Continuously Reinforced Concrete Pavement (CRCP) is constructed with steel reinforcing bars placed within the concrete along the entire length of the pavement. CRCP naturally forms tight transverse cracks to evenly transfer loads.
The reinforcing bars control the width of the transverse cracks that form and hold them closed. The transverse cracks do not impair the structural integrity of the pavement.
The result is a continuous, smooth-riding surface capable of withstanding the heaviest traffic loads and the most adverse environmental conditions. Because of its greater durability, longer life expectancy, and minimal maintenance requirements, CRCP can provide the best long-term value of any pavement type.
First developed more than 75 years ago, Continuously Reinforced Concrete Pavement (CRCP) became popular with the construction of the U.S. Interstate Highway system in the 1960s and 1970s. Many stretches of highway constructed at that time are still in use, having outperformed and outlived their original loading and design-life projections.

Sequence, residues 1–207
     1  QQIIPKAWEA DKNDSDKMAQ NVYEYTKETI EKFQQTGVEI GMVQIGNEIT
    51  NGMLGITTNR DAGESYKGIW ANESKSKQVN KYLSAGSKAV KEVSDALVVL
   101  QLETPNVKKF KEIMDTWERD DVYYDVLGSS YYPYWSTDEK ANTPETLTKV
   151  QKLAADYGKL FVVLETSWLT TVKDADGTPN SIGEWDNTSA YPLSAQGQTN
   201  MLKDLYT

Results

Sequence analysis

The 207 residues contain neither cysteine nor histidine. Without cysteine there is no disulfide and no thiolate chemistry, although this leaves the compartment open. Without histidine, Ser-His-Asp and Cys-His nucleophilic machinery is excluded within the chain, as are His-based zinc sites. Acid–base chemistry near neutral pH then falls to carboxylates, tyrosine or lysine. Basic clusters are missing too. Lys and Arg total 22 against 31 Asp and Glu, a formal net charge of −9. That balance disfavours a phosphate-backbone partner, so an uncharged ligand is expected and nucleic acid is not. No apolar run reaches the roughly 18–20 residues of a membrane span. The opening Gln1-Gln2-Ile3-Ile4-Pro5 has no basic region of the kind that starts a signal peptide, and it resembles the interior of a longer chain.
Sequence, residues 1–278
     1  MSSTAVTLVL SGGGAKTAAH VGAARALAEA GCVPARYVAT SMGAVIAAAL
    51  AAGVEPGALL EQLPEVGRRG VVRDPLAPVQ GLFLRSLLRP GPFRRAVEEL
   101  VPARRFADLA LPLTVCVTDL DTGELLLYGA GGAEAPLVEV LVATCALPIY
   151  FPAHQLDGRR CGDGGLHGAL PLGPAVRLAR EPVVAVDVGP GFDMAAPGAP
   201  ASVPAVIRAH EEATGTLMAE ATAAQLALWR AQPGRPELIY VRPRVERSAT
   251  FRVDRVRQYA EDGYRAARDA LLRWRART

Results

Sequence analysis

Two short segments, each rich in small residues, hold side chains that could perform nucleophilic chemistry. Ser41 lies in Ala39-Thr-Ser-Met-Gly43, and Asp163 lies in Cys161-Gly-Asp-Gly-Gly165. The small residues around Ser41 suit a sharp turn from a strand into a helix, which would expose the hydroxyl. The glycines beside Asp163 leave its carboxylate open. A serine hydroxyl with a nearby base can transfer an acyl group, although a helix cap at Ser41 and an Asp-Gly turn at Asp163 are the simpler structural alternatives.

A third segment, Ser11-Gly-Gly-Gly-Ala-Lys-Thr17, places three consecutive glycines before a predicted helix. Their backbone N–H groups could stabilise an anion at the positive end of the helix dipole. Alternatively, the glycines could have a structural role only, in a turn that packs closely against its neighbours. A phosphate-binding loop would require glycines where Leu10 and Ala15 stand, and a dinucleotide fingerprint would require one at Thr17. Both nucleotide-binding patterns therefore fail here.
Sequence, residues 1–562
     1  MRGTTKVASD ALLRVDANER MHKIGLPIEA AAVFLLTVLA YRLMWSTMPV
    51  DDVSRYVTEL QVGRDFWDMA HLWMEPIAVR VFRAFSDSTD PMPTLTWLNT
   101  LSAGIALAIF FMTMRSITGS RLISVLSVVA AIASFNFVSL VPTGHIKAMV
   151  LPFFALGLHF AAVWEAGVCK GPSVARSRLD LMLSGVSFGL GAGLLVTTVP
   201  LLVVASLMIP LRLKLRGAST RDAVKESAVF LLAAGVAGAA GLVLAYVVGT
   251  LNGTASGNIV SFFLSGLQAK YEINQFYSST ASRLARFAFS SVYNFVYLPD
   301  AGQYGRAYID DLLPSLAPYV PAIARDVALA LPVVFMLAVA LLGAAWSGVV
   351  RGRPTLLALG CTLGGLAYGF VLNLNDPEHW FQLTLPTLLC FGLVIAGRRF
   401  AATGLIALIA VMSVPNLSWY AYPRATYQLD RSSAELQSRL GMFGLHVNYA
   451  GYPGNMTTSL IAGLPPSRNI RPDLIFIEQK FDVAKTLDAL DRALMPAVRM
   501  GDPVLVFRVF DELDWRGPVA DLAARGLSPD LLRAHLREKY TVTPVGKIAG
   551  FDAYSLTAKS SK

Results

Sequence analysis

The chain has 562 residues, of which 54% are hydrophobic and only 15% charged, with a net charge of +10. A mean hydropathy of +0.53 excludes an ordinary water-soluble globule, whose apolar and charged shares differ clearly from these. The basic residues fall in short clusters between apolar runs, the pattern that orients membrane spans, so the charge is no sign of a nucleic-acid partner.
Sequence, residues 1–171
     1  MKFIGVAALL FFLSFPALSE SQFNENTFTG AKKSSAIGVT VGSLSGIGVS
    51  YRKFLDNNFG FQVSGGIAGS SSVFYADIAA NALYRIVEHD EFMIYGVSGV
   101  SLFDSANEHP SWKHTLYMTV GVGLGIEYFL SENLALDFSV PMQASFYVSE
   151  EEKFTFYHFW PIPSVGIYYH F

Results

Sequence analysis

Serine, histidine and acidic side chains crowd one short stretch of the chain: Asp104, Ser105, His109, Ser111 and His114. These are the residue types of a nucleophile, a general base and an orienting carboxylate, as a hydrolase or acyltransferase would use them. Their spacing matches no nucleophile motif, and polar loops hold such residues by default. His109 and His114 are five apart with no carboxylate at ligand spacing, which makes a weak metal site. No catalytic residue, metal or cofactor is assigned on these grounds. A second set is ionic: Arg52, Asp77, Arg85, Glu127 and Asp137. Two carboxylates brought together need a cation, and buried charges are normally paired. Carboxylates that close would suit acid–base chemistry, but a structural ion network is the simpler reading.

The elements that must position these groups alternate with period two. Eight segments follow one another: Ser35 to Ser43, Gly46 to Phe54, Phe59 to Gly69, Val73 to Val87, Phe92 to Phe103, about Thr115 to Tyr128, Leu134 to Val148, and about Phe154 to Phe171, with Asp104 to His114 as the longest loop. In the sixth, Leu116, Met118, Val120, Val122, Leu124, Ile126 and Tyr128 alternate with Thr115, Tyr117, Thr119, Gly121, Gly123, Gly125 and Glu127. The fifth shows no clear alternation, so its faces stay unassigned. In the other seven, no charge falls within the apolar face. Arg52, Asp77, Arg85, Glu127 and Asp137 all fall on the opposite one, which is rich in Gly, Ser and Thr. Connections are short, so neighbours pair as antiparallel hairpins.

Today, CRCP has become the material of choice in the U.S. and in countries around the world for the construction that includes highways, roadways, airport runways, railway track beds, and warehouse flooring, because CRCP means:
This CRCP manual was developed truly in a spirit of cooperation, with funds from FHWA, CRSI, CMC-America, and professional time from over 25 individual reviewers.
The Concrete Reinforcing Steel Insitute (CRSI), in cooperation with the Federal Highway Administration (FHWA), is sponsoring this website aimed at informing pavement engineers, managers, owners, contractors and academia on issues related to continuously reinforced concrete pavements (CRCP). This update highlights current events, ongoing research, training opportunities and news we think will be of interest to the pavement community. Please send us your comments, articles, and suggestions. We look forward to an energy-filled, two-way communication on CRCP.